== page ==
Recent media reports that claim our library system is eliminating all copies of classic literature from our shelves are absolutely incorrect. Although we occasionally reduce the number of copies of a particular title -- perhaps trimming Hemingway’s For Whom the Bell Tolls from 110 copies to 108, for example -- we’re committed to offering classic texts by western culture’s leading authors.
Here are a few examples of the number of books we offer which were specifically mentioned in the article:
Dr. Zhivago by Boris Pasternak -- 50 copies of books, CDs and cassettes.
The Sound and the Fury by William Faulkner -- 99 copies of books, CDs, cassettes and large print books.
For Whom the Bell Tolls by Ernest Hemingway -- 108 copies of books, videos and cassettes.
The Glass Menagerie by Tennessee Williams -- 116 copies of books and videos, including in some volumes of collected plays.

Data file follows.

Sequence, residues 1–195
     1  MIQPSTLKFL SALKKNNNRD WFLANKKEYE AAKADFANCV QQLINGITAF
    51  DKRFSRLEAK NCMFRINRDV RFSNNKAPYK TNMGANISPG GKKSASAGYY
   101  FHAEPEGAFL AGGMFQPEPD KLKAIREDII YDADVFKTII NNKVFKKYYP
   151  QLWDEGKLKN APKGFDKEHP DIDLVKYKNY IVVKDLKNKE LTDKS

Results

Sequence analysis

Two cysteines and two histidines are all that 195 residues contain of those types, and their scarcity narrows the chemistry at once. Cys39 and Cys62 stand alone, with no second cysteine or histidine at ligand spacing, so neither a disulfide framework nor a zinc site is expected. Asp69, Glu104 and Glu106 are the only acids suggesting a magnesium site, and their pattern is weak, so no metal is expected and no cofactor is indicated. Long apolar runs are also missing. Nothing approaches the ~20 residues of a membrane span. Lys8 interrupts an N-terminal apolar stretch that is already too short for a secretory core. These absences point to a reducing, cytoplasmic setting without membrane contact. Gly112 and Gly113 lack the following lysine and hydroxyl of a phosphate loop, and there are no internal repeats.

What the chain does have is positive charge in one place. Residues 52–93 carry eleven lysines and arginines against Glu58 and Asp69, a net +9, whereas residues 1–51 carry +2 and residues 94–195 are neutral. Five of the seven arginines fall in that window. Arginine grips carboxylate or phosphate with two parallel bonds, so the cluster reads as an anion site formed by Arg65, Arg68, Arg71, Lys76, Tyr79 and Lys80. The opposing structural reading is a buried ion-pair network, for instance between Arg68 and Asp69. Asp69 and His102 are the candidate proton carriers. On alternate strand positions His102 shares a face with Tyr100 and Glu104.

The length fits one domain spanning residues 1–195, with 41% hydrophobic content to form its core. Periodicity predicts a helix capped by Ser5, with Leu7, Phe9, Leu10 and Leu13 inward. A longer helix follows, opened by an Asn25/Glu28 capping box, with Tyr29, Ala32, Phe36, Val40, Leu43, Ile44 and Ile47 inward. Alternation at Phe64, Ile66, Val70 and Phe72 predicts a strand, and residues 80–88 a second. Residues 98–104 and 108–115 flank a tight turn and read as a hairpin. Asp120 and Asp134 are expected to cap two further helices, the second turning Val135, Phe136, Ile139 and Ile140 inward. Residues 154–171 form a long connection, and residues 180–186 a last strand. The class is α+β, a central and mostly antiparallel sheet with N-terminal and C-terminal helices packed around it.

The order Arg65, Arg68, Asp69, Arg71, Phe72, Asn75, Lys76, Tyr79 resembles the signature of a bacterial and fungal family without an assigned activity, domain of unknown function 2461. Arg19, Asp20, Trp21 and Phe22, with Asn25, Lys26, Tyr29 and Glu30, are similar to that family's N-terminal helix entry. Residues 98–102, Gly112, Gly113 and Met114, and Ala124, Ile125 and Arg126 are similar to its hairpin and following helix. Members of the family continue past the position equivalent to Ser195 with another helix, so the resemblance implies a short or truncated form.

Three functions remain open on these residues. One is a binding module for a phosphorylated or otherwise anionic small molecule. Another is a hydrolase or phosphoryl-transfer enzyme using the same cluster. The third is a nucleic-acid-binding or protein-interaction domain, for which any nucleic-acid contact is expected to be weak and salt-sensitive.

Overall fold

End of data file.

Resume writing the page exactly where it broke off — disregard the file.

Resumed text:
To Kill a Mockingbird by Harper Lee -- 359 copies of books, CDs, cassettes, DVDs, videos, e-books and large print books.
Because of the growing demand for more books in more formats and languages, we have to balance the need to offer classic literature, and satisfy public demand, within our limited space. We can’t warehouse every book that every resident wants to read. We use industry standards, computer data and the expertise of librarians with decades of professional experience to offer a hard-working, comprehensive collection to the public.
We take our stewardship of public property very seriously and strive to prudently manage the public’s investment in the library. Our efforts are paying off: we’re on track to have our books checked out more than 12 million times by the end of this fiscal year, a 10 percent increase over FY2005 when we began our new “weeding” process. We commend our customers for their strong support of the public library.
Edwin S. Clay III, Director
Fairfax County Public Library